Weather Update, Long and Short Term. Updated Saturday

[Saturday - What might become a storm here on Thursday is still over the Pacific.  It will not reach the west coast until Monday.  Projections show it going south of us, but we won't know until Monday or Tuesday.}

There has never really been any controversy about climate change.  There have simply been those who can understand the facts and those who make money by denying them.  So...

Short term:  NOAA has issued an El Niño Watch for the summer and fall of 2014, giving a 50% chance that an El Niño event will occur. 

What this means is that a drop in the easterly trade winds will result in a warmer than usual eastern Pacific Ocean, which might mean …

Fewer hurricanes will form in the Atlantic, they would be weaker, and would be more likely to drift away from the coast of the United States.
Precipitation patterns will change.  In particular, the southwest will be much wetter than normal, possibly ending the years-long drought or else washing everyone away.  For Connecticut, normal or slightly drier air.

As for temperature, Connecticut will be fairly normal, while the northwest is warmer and the Gulf Coast is colder.

Longer term (but not all that long!):  According the the US Navy, by 2030, the Arctic’s Northern Sea Route could be ice free and navigable for at least nine weeks each year. The Bering Strait could be ice free for a whopping 27 weeks a year.  

Also, new research from the Institute of Physics predicts that temperatures greater than the 2 °C global average will be experienced in Northern and Eastern Europe in winter and Southern Europe in summer; however, North-Western Europe -- specifically the UK -- will experience a lower relative warming (the shutdown of the Gulf Stream will refrigerate that area).

And researchers  are reporting the first hard evidence that malaria does -- as had long been predicted -- creep to higher elevations during warmer years.  So all of those cities that were built up high to avoid the mosquitoes….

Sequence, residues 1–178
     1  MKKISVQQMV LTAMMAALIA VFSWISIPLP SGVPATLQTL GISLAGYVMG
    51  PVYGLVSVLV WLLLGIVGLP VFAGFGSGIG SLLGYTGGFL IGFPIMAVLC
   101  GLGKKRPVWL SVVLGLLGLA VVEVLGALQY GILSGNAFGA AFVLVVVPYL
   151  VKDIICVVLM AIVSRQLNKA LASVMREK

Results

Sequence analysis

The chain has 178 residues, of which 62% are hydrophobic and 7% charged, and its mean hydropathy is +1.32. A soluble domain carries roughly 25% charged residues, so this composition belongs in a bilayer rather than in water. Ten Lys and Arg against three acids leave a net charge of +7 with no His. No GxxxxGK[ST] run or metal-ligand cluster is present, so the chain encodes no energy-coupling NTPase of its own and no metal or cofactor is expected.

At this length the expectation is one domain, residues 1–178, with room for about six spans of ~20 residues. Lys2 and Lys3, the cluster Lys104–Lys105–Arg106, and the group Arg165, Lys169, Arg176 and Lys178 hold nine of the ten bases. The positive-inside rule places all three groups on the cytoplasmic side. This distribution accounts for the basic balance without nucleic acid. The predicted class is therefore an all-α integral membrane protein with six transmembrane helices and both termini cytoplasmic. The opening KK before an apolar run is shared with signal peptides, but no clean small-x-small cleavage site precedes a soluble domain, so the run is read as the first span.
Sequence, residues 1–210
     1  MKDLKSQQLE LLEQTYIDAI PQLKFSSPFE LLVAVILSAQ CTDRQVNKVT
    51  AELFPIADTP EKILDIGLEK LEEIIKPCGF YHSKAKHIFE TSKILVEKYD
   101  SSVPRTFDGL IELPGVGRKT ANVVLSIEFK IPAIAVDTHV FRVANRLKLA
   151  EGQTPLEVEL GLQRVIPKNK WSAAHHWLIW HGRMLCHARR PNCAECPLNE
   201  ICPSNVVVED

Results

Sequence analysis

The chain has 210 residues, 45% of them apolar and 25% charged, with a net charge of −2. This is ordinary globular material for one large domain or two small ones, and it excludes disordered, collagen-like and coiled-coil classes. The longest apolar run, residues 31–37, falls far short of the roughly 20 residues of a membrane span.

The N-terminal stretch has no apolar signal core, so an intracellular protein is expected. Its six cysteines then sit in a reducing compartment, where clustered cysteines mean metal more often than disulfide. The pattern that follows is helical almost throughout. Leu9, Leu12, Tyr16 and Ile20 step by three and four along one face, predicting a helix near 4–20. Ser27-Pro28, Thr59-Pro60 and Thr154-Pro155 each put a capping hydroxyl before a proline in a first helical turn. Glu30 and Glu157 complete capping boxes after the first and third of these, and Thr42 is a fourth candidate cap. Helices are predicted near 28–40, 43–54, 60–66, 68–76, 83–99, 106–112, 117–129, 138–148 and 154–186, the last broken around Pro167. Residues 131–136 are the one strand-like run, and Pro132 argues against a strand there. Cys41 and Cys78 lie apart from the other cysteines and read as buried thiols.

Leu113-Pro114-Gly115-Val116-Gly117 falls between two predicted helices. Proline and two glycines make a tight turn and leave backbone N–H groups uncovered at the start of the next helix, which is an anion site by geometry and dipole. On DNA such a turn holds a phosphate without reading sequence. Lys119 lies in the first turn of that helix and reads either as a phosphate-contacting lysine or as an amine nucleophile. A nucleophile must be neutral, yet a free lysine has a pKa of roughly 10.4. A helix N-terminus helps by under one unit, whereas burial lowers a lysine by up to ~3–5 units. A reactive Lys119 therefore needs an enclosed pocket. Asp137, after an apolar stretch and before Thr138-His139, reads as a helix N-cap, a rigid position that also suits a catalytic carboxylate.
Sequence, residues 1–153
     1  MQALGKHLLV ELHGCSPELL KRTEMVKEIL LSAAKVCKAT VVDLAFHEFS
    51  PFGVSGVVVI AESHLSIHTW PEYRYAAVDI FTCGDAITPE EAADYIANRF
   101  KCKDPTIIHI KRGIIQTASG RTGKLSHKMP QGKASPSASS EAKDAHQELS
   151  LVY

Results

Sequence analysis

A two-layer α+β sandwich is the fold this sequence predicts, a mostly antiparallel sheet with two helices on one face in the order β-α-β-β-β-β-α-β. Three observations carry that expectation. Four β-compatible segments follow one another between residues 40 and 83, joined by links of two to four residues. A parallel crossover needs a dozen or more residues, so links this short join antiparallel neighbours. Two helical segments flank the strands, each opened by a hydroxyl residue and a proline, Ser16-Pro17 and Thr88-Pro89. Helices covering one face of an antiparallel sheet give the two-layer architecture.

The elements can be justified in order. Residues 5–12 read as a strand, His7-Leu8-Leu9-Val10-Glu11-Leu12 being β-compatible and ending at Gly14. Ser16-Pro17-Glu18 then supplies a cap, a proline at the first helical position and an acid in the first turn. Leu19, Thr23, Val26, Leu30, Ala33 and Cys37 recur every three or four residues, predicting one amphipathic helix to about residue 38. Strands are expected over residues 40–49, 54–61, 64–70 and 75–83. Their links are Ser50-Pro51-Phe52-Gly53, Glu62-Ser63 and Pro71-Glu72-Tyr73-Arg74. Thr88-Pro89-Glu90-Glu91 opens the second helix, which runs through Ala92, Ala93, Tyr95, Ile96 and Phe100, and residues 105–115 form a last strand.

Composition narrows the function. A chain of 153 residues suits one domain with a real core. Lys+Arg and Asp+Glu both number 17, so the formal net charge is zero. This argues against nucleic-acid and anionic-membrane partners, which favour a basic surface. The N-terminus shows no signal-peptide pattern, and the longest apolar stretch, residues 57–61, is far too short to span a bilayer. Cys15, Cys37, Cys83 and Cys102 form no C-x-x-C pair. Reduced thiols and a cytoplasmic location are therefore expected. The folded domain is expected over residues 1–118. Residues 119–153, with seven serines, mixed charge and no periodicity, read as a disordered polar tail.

And right now...!   The snow is melting, the birds that normally stay here all winter (chickadees, crows, woodpeckers) are pairing off and looking for nest sites, the buds on the maple trees are swelling....

And as of right this minute there is a 40% chance that there will be no school next Thursday.  Stay tuned for updates.

Wednesday, March 5, 2014

The Tip Of His Tail

This year we are "enjoying" one of the effects of climate change:  more energy in the atmosphere means more energy in the weather.  England is drowning, Australia is roasting, and New England is freezing.

Also, during the highest tides the main streets of Miami are under water.

A less obvious sign of the warming planet is the number of plants and animals that are on the way north.  I now see birds at my feeder that would not have been seen north of Virginia years ago.  Southern plants are becoming northern plants.  Crocodiles have moved another State further north. And tropical diseases are now being found in Connecticut.

Opossum, showing his frost-bitten ears
One of the animals that have moved north is the Opossum.  They are one of the earlier migrants, thanks to their willingness to eat anything, including human garbage.

The Opossum is famed for the defensive trick of flopping down on the ground with its tongue out and eyes closed when threatened.  That, along with its foul body odor, make it unpalatable to predators who like fresh meat.

That the Opossum is not really adapted for northern winters is obvious by the loss of ear tips and tail tips to frostbite.  Also the fact that they like to freeze to death in my woodshed.
Here you can see that the tip of his tail has frozen off

Opossums are lone creatures except in early March when, of course, it is mating season.  My bird feeders seem to be serving as singles bars.

Sunday, March 2, 2014

No Snow For You

In case you missed the earlier post, no snow.  No delays, not closings in central Connecticut.


With the temperature above freezing, I went for a wander through the Nassahegan State Forest.

Peaceful.    With ravens.

Think It Is Cold In Connecticut?

Check out this satellite photo of the Great Lakes.

This doesn't happen often.  It is COLD up there!